Skin in the Game - Nassim Taleb

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Reading SITG felt a little repetitive and not particularly coherent. Then again to do Taleb justice, he does mention that the book can be read in any order, with sub-chapters of 1-2 pages supposedly able to standalone, which positions more as a coffee table / toilet book, bite-sized knowledge at your own pace. Anywhomst, probably after reading his Incerto trilogy, the once unique and interesting tone Taleb employs (sardonic AF) didn’t make up for the lack of real content.


  • Intellectualism: one can fix complex problems with top-down solutions

  • Scientism: over confidence in scientific results, not viewing it correctly as a process

  • Book is about (1) bullsh*t detection, (2) fairness/justice responsibility, (3) information sharing in transactions, (4) rationality in complex systems (2)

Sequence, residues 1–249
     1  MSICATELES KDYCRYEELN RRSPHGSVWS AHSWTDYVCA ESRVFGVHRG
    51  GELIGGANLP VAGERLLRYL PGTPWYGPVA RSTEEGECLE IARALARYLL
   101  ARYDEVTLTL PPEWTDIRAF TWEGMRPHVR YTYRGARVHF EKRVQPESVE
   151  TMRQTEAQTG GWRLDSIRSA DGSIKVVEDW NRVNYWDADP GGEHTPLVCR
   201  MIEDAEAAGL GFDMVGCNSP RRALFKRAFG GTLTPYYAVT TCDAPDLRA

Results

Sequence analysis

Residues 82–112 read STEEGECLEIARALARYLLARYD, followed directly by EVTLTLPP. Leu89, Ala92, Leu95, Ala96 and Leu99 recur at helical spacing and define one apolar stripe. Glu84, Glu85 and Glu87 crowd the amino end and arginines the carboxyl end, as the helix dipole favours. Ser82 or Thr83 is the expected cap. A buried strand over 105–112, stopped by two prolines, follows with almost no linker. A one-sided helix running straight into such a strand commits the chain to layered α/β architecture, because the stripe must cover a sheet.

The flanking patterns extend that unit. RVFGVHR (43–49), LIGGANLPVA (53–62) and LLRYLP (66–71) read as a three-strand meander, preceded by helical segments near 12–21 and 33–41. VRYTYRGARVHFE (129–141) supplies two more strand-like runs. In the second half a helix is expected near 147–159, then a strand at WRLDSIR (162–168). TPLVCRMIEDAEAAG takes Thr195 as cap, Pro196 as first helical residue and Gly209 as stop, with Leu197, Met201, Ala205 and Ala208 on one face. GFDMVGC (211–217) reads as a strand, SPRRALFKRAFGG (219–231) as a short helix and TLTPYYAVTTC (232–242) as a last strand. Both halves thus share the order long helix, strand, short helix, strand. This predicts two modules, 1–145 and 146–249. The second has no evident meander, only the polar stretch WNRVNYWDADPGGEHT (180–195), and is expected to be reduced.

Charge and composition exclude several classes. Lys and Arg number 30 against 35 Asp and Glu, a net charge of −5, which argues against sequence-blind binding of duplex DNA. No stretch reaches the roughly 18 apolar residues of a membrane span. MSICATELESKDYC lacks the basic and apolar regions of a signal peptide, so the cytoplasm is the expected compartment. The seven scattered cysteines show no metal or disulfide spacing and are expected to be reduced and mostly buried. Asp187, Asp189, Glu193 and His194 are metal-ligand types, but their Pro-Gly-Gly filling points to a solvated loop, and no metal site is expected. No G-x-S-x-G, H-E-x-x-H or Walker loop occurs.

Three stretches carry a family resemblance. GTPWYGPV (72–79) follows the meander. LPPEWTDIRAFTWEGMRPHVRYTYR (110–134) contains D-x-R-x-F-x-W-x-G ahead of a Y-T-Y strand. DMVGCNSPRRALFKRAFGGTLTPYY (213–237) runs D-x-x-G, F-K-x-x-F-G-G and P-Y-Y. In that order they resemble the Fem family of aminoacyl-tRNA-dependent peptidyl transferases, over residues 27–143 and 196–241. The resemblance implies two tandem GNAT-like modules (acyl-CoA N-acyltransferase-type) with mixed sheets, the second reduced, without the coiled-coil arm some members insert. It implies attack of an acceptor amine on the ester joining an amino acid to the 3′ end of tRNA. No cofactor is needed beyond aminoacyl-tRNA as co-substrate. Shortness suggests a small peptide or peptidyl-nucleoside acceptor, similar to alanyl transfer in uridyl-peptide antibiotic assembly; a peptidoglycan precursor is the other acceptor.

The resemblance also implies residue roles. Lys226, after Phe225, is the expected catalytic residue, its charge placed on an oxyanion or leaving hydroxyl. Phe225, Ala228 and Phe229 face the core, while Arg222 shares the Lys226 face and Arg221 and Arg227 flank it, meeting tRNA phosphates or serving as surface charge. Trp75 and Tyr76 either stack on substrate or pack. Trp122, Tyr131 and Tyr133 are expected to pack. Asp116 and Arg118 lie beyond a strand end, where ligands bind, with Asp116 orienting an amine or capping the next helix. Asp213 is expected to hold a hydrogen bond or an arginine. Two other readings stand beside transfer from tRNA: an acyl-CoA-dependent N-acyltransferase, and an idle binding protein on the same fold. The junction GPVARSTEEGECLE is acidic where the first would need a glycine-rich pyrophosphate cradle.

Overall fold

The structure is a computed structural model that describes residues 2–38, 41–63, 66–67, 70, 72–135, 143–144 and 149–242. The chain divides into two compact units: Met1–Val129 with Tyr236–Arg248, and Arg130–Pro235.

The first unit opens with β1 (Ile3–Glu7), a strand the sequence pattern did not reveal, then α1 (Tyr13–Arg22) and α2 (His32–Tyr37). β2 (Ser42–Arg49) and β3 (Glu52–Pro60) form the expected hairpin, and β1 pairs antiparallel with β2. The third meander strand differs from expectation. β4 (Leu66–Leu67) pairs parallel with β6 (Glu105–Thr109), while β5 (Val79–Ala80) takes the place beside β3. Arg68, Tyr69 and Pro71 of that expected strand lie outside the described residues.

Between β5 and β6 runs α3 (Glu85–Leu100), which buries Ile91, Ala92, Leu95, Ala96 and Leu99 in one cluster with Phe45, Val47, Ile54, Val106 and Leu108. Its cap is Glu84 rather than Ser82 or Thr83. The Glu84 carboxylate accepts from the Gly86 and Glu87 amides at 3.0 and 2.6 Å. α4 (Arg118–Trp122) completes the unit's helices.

• when one has skin in the game (SITG), these are related

  • Focuses on surprising implications, not explaining why these topics are important (5)

  • And it's about justice, honor, and sacrifice, things of existential importance to humans (6)


  • Contact with earth, learning through experience is superior to via abstract reasoning (8), tinkering (Antifragile)

    • Pathemata mathemata: "learning through pain" (7)

  • Problem with policymaking: inability to understand complex problems, which do not have simple one-dimensional cause-and-effect mechanisms; meaning that intervention fails to envision second-order and interaction (9), i.e. lack of systems thinking

    • Crucially when sh*t hits the fan, policymakers are separated from consequences of their actions (10)… NT's definition of bureaucracy: "a construction by which a person is conveniently separated from the consequences of his actions"

  • Bob Rubin Trade: $120M from Citibank in decade pre-08, didn't write any check when it was bailed out later (13)